At TWIST, we tell our clients that there are three things a successful brand does: instill confidence, impact culture and inspire devotion. Achieving all three is a transcendent moment for a brand. It is the moment when a brand stops being seen for its products and becomes part of an individual’s identity. That type of deeply sophisticated connection with consumers can capture the type of market leadership that lasts for an entire generation.
No brand does it as well as Coke. Sure, Apple. Yes, Tesla. OK, Google. But most of the remarkable and influential brands you can name offer a product with a tangible benefit and/or they are companies whose innovations solve a problem. Think about it, there is no benefit of soda. Soda doesn’t solve a problem. Soda’s only key benefit is the way you feel about yourself when you drink it and that requires an amazing brand experience.
Those of us who are not digital natives remember (or think we remember because we watched Mad Men) the famous Hilltop Coca-Cola tv ad. That ad, with its line “I’d like to buy the world a Coke and keep it company” at that time set the tone for a generation. That youth movement was called the “me generation” and it was all about personal development and individual growth. It was anti-establishment. And while its values were panned by mainstream polite society as selfish, it really was a movement of inclusion and unity. It was advertisers like Coca-Cola who recognized its importance and influence, and they were one of the first to take these new consumers seriously. (See the “impact culture” moment.)
We are “re-energizing and modernizing Diet Coke for a new generation of drinkers.” The Coca-Cola Co stated in a news release upon the January 10th launch of a reimagined Diet Coke line-up. New can shape, new can design and four new flavors plus the original. Coke tapped U.K.-based design shop Kenyon Weston to do the can redesign and Wieden & Kennedy, authors of “Just Do It” created the new campaign.
The new “Because I Can” campaign is a series of five fifteen second films the first starring Actress Gillian Jacobs, best known for her roles in the NBC sitcom “Community” and the Netflix romantic comedy series “Love,”. The other spots star other up and coming millennial actors. In the spot, Gillian grabs a Diet Coke from a corner store before walking along a sidewalk and offering viewers a straight-into-the-camera invitation to do what makes them happy.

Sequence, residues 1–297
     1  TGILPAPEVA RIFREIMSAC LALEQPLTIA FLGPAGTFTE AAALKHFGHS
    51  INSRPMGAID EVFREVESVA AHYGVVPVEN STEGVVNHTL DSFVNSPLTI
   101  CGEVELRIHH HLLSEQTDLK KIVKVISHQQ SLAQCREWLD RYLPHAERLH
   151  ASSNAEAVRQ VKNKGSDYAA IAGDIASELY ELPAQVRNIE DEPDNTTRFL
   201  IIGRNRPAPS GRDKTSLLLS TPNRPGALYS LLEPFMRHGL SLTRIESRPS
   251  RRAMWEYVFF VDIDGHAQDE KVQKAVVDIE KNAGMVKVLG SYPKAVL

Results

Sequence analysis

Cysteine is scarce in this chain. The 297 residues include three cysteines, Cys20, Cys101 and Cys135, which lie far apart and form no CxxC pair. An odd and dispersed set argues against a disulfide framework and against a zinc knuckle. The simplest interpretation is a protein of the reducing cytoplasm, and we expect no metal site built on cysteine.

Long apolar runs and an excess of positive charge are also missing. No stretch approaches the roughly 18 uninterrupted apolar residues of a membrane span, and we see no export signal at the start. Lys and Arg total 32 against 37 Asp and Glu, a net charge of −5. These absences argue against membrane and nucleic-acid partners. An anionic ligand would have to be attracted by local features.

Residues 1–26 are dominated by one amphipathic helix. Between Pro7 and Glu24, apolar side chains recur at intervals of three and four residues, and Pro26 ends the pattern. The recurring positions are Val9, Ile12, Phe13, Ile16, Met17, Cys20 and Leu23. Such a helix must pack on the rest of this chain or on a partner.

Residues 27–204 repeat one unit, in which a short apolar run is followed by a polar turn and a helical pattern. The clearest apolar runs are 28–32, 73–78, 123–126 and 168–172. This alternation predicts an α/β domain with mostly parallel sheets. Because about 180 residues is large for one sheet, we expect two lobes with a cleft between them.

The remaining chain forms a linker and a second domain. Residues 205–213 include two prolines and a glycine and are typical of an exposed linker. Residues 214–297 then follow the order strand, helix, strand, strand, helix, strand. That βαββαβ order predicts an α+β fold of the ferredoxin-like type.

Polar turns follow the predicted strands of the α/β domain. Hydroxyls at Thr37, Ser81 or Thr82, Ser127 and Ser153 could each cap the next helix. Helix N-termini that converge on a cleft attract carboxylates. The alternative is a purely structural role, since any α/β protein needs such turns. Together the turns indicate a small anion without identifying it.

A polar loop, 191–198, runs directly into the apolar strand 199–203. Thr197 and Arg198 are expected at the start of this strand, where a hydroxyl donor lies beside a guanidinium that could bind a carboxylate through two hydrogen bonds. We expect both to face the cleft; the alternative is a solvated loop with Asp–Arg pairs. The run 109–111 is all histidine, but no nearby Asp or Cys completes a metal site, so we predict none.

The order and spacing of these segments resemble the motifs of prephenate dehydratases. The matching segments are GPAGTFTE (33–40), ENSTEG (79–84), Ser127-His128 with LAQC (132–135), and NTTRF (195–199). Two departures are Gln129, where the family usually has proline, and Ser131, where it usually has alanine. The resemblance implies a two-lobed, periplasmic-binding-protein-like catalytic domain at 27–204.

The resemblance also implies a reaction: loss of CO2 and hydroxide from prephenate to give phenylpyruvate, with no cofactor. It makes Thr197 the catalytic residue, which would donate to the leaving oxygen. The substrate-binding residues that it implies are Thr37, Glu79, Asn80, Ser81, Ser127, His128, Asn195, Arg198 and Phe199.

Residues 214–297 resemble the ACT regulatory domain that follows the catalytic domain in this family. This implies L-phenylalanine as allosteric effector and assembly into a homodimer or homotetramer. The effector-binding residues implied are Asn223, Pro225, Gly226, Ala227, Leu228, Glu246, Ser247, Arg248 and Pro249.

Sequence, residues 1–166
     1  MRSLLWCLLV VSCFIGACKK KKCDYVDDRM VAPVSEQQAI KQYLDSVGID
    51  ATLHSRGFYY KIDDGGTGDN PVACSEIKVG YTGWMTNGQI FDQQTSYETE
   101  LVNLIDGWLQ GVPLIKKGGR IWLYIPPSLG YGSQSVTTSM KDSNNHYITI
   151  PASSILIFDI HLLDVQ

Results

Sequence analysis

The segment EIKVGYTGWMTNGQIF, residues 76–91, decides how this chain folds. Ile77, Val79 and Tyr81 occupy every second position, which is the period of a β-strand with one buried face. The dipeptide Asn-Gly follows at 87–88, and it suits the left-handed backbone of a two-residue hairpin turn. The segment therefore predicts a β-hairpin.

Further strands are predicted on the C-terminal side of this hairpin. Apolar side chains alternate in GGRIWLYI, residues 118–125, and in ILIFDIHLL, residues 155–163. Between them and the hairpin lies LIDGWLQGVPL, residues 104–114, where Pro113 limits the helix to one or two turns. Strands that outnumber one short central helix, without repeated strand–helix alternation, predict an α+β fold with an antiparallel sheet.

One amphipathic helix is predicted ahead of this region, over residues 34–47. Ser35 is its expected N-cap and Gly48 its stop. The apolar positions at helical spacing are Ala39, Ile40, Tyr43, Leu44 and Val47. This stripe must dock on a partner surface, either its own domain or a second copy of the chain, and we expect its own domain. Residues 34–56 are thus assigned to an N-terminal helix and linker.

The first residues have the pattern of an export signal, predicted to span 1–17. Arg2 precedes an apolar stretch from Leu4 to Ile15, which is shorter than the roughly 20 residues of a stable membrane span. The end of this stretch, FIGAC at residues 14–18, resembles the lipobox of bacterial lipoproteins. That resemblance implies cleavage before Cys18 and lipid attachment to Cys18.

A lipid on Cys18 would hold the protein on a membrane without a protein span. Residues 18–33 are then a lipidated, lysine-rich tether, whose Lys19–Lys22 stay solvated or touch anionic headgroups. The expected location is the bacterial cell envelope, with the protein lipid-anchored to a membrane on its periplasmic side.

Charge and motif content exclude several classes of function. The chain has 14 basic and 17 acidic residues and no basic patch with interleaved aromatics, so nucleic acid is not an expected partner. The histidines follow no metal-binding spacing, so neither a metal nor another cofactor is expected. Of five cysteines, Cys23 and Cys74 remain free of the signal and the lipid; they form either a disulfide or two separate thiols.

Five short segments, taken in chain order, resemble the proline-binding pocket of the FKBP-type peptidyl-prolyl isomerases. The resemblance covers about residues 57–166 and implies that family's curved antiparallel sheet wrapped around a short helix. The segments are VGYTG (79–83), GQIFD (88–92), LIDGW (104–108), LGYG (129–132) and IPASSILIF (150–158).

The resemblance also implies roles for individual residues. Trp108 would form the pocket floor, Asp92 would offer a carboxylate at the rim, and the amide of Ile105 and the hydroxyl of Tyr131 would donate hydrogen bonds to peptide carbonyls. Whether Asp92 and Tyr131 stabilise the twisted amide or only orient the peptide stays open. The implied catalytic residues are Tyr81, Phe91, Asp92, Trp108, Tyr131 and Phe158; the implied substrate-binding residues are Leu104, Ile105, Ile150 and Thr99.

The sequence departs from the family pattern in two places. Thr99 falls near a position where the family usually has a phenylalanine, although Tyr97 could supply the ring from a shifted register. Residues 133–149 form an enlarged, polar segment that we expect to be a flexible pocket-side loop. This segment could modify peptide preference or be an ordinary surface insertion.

What?! I’m 47, so the first time I saw this it angered me. The series of portraits of millennials with their “Whatever” attitude about life and kind of defiant lack of enthusiasm for the product they are supposed to be persuading me to purchase, really angered me. It made me want to yell at them “this is your job, take it seriously.” Then I thought more deeply about their life experience, they were raised on un-produced YouTube videos, not glossy sitcoms. They grew up with the internet so even though they are young they have been exposed to every sales pitch there is.
It makes sense that these portraits of young adults and their sleek skinny Skittle/vape flavored soft drinks are stripped down. The approach is painstakingly authentic and like them or not, these are consumers who are comfortable in their own skin. These portrayls owe their “easy on the eyes” vibe to the skilled hand of director Paul Feig, known for the TV series “Freaks and Geeks,” as well as movies including “Bridesmaids” and the 2016 “Ghostbusters” reboot, they are full of subtle and quiet nuance.
“Because I Can” is what Advertising Looks like in its highest form, as art.
I also have to comment on the soft, subtle and thoughtful color palettes used in styling these spots. Each product flavor is so well complemented by wardrobe, propping and set design which is just the right blend of quirk, kitsch and color.
If you employ millennials and find yourself confused, frustrated and even at times angered by them, you should watch these spots and reflect on them. This is the emerging American consumer, these are tomorrow’s entrepreneurs, CEOs. They are telling us that we, as a society, have reached a moment where we feel so comfortable, provided for and confident that we can casually move from one experience to another. That we have an unlimited amount of choice and that we, as a society have evolved (from their perspective) to a moment of not heightened but lessened awareness. These guys are over it.
In fifteen seconds, the new Diet Coke campaign redefines the standards of the conversation between brand and consumer. If you plan on selling anything in the next twenty years you need to understand this or be ready to hire someone who does.
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